Fundamentalist Sect In Peruvian Congress


After Peruvian President Martin Vizcarra dissolved the Congress as a part of his “anti-corruption” agenda in September, Peru held elections on January 26th. Peruvian people replaced the entire Congress and gave 15 congressional seats to the Agricultural People’s Front of Peru (FREPAP) with 1 million votes, after 40 years. The party is known for its ties to the religious group called the Israelite Mission of the New Universal Pact. This messianic sect was founded in 1968 by Ezequiel Ataucusi Gamonal who called himself the “Christ of the West.” The religious group is known for promoting the communal agricultural practices of the Incas and the Ten Commandments. According to Andina news, some of the party’s proposals are eliminating parliamentary immunity, reducing work hours from 48 to 44 hours without lowering the salary, change in prison privileges and fight against citizen insecurity. While it seems like the party focused on labor laws and congressional accountability, according to Reuters, many followers confirmed that the party’s mission is religious at heart which raises concern for secularist structure of the Congress.

While many were content with the result, some scholars were worried due to the lack of information on the religious sect and their leader. Supporters saw this new opportunity as a way to spread their religion. A preacher, Juan Caceres said to Reuters, that entering politics was a way to expand their religious influence. Another member of the sect emphasized on how getting in the Congress made the sect known to the world. Even though they received 8.9% of the votes, supporters believe that their leader will become president in next year’s presidential elections. Maria Eugenia Ulfe, an anthropology professor explains their success with Peruvian people thinking ‘a person with a religious vocation is not going to rob you or be corrupt.’ Even though the party had much presence before the elections, according to Adriana Urrutia from the Antonio Ruiz de Montoya University, the party ran an effective “mouth-to-mouth, door-to-door” campaign. Like Ulfe, Urrutia believes that Peruvian people’s discontent with traditional parties with links to corruption led FREPAP in the Congress. Yet there are concerns raised due to Congressman-elected Wilmer Cayllahua’s statements. In a radio interview Cayllahua rejected any alliance or deals with other political parties, in the same interview he mentioned that he does not agree with gender equality. When Cayllahua was asked about LGBTQ rights by the Peruvian newspaper, La Republica, he mentioned that he does not agree with their way of living and believed that queer and trans people “have evil in their blood.”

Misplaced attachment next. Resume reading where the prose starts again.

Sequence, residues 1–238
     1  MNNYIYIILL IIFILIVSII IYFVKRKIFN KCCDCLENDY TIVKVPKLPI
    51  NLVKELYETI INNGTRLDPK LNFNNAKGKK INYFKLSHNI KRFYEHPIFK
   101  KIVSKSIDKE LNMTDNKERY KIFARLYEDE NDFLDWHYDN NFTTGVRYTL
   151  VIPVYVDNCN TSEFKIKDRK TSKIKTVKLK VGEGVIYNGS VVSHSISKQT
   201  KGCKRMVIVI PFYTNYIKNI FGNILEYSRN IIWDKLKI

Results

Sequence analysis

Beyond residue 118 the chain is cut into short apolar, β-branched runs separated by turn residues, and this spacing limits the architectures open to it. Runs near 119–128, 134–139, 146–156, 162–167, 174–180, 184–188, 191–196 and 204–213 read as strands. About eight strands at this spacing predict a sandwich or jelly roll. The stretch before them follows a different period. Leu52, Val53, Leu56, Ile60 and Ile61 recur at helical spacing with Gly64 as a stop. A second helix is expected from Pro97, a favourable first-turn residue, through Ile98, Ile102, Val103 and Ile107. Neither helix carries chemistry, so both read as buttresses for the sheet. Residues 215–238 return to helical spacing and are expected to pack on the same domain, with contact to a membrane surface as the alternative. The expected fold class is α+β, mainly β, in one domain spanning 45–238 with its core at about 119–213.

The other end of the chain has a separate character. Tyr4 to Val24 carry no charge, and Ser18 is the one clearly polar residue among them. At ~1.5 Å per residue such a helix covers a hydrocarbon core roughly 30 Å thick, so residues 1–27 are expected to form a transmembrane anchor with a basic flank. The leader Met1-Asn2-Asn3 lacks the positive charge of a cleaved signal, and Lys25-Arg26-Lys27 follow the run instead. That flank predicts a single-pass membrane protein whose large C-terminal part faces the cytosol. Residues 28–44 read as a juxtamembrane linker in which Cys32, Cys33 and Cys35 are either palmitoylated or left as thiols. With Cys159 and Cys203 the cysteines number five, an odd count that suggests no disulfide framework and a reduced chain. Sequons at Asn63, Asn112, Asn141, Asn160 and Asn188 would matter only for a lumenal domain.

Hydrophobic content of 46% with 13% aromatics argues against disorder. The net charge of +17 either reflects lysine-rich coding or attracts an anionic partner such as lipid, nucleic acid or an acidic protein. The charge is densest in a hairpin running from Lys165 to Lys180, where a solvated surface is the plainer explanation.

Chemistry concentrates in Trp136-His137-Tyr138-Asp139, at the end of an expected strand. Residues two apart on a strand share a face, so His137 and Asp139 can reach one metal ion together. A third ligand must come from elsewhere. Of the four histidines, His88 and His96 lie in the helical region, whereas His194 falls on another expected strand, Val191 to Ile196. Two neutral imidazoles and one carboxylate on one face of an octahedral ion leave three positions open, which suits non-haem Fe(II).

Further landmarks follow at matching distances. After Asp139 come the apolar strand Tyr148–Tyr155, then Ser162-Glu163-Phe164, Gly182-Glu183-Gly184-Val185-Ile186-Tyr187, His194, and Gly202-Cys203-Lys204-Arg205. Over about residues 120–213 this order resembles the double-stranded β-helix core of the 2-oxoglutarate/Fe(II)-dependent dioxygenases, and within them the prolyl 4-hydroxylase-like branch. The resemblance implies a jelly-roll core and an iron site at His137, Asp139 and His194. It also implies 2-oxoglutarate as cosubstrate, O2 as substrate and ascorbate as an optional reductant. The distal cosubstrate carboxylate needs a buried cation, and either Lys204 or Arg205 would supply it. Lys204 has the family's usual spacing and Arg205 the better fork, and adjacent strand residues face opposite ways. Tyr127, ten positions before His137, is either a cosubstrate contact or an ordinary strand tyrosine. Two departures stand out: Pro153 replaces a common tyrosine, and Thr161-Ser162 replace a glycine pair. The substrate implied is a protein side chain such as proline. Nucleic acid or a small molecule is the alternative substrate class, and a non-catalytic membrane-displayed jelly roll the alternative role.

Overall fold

Peruvian’s exhaustion with corrupt governments is understandable. FREPAP seems to take advantage of this exhaustion through their “anti-corruption” policies and worker friendly proposals to get a seat in the Congress. Yet Wilmer Cayllahau’s description of queer and trans people as having “evil in their blood,” is alarming. This shows that all the efforts made by previous political leaders’ progress made to legalizing same-sex marriages are at risk of being erased. Because the religious group believes in gender roles, this also risks women’s empowerment and LGBTQ rights. Human rights and secularization are under threat in Peru. Even though FREPAP has tied to the Israelites, they should not forget the secular quality of the state and try to keep their religious beliefs that limit human rights of others out of the Congress and the decision-making process.

The religious group was founded in 1968 by Ataucusi, a Peruvian worker who claimed to receive a revelation that Peru was the new Jerusalem, and the Peruvians were the Israelites. According to their beliefs, the Promised Land is in the Peruvian Amazon and Ataucusi received revelations from God at Machu Picchu. This new religion mixes the Old Testament with Inca traditions. But it is not exclusive to Peru, the group has many followers in Colombia, Ecuador and Bolivia. Followers live in agricultural cooperatives where they wait for the apocalypse that will restore the Inca empire. In order to attract followers and be known, in 1989 Ataucusi founded the political party FREPAP with the slogan “Power to the Farmer,” but because most Peruvians saw them as pagans, Ataucusi lost in presidential elections in 1990. He passed away in 2000, during his second presidential campaign and now he is considered a prophet. Ataucusi’s son became his successor and in 2006, FREPAP entered the Peru’s general election but won less than 1% of the vote.

From 1% in 2006 to 8.9% in 2020, FREPAP increased their supporters significantly. This new Congress will take office on March 15th and will function for 14 months until 2021 presidential and legislative elections. The party showed their determination to not work with other parties by turning down the invitation to meet with the President Vizcarra. Not cooperating with other parties in the Congress can hurt the functioning of the Congress and decision-making process. Even though some of their proposals are promising to improve workers’ rights, their view on gender equality and LGBTQ community is concerning.